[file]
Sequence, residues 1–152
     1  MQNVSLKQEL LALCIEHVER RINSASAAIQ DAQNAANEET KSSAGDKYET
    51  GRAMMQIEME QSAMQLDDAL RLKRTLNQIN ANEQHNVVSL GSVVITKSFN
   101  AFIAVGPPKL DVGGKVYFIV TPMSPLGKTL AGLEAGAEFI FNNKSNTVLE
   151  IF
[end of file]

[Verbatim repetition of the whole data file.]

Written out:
Sequence, residues 1–152
     1  MQNVSLKQEL LALCIEHVER RINSASAAIQ DAQNAANEET KSSAGDKYET
    51  GRAMMQIEME QSAMQLDDAL RLKRTLNQIN ANEQHNVVSL GSVVITKSFN
   101  AFIAVGPPKL DVGGKVYFIV TPMSPLGKTL AGLEAGAEFI FNNKSNTVLE
   151  IF